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“I wanted to put together this main gallery space, and then the two wings on either side. I wanted to focus on maps and floor plans here, and then in one side space, put two paintings from the “Crown of Thorns” series, and in the other side space, two pieces from the “Beds” series. I also wanted to mix it up in terms of the different ways that Kuitca looks at maps: some very crisp and clean, some bordering on abstract. And of course, include this work (below) which is a complete ode to cubism.”

kuitca14Guillermo Kuitca, “Lontano,” Oil on linen, 76 7/8 x 64 1/2 in., 2010

kuitca2Guillermo Kuitca, “Untitled,” Acrylic on canvas, 76 x 117 3/8 in., 1990

“This one (above) is twenty-four different grids of maps based on real places in some cases, and in other cases, not. I love that the zoom is different in terms of how high up you are looking into the space, so the scale is completely different from square to square. Here, you are much closer, and here, you are further out, and again here further out, and further out. I just absolutely love the way he’s thinking about the veins and the arteries of a city – of a space – and the way that water, rivers, or other areas become blank. It’s just a great piece – and again for me, very meditative.”

kuitca5“Untitled,” detail

“I was speaking with a group of architects from Brazil about this work, and one of them brought up the fact that today, we understand geography in our world in a completely new way through technology. In the old days you actually had to have the physical map that you would unfold – a paper map – and that was how you would chart your course; you would figure it out or probably write it down, and either memorize it or figure out how to navigate that way – left here, right there; landmarks, etcetera. Whereas now, all we do is turn on our phone, plug in the address, hit “go,” and follow its lead without really paying any attention to where we’re going; we just know that we’ll get there. It was such an interesting conversation to have, because that’s the reality of what we’re doing right now.”

“And of course, it goes without saying that Kuitca has a huge map collection. He collects vintage maps and atlases, and he uses these things as his inspiration and as his guide.”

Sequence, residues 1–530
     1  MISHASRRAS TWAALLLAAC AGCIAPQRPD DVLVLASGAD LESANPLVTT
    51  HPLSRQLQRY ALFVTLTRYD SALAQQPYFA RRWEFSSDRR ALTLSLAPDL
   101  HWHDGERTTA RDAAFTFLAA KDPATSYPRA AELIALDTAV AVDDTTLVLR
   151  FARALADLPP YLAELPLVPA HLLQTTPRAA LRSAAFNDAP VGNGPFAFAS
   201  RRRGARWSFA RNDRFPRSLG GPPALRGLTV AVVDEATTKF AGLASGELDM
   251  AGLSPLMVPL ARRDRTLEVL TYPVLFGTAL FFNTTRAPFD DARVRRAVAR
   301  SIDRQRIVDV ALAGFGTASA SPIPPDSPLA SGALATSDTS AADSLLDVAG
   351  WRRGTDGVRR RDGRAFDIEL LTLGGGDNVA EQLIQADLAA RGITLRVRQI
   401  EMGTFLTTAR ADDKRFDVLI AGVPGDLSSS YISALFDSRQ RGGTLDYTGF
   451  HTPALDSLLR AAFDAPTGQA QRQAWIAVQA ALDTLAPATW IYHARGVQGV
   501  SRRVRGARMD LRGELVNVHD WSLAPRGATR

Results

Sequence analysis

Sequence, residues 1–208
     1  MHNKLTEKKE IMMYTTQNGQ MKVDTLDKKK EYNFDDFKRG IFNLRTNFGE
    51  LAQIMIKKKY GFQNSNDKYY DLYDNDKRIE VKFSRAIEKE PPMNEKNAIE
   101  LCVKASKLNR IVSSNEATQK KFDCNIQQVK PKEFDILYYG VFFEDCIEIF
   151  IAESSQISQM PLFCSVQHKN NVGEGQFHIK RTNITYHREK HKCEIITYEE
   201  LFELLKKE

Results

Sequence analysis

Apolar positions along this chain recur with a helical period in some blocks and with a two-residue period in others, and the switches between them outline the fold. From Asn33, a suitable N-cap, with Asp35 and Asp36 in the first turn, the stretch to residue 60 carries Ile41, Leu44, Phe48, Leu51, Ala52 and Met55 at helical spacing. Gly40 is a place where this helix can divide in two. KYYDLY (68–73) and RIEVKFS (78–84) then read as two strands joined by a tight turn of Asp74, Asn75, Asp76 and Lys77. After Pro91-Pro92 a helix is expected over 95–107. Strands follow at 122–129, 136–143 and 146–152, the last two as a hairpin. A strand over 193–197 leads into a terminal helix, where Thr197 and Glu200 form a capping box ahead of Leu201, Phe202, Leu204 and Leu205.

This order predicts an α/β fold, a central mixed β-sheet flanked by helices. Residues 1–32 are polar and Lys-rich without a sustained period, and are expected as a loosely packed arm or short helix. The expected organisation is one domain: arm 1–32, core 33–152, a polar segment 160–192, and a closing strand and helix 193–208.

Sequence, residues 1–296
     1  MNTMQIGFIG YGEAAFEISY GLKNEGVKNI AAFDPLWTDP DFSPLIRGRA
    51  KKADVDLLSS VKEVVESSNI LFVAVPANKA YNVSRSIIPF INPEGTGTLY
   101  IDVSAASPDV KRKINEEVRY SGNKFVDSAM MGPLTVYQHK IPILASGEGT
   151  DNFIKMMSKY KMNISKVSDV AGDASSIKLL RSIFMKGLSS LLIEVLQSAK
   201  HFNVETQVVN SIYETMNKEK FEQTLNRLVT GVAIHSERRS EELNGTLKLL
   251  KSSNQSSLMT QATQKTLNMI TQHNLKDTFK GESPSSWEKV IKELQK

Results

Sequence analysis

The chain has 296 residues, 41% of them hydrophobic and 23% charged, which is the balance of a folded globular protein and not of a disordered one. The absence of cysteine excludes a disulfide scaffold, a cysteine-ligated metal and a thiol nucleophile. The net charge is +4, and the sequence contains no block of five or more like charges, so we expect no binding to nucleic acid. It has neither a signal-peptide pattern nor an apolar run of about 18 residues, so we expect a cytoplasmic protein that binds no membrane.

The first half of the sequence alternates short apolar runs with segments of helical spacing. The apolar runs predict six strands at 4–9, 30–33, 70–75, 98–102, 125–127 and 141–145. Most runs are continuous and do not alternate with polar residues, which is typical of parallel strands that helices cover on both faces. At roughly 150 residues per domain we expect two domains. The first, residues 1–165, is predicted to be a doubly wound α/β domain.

kuitca6Guillermo Kuitca, “Crumlin Road,” Acrylic and charcoal on canvas, 59 1/8 x 70 7/8 in., 1993

This painting (above) is of Belfast. It is fantastic. It’s on a terra-cotta ground, painted with a very terra cotta color, smudged, so it’s abstract in the background, and the map is superimposed on top of that. This is Belfast in Ireland, and it shows the dividing line between the Protestant side of town and the Catholic side of town. So, even though it’s only a road [Crumlin Road], it is the dividing line, and a site of war and conflict. The thing that I love about this work is that every church is demarcated.”

kuitca7“Crumlin Road,” detail

“Kuitca obviously has a very conflicted view of religion. Growing up third-generation Eastern European Jewish in Latin America (an otherwise Catholic place), I’m sure has a lot to do with his feeling displaced, lost, and not horribly religious – so how do you factor all of these things in? Both of Kuitca’s parents were psychotherapists, so you can just imagine how they (and he in turn) thus had to deal with religion and human psychology, their place in the world, being intellectuals in Buenos Aires, and all of the things that come along with that.”

“It’s very interesting to think about how Kuitca grew up, and of course, to remember that he was a child prodigy as well. As a young man, well, as a little boy, he showed huge talent in painting and could copy anything, and really was a star painter right out of the chute. It’s interesting that someone with such huge talent chose not to be a representational, or even an abstract, painter, but instead, to do something based not in painting, but in geography, cartography, and concept. And obviously, his hand is so incredibly skilled.”

kuitca16Guillermo Kuitca, “Sacramento,” Oil on canvas, 72 x 36 in., 1990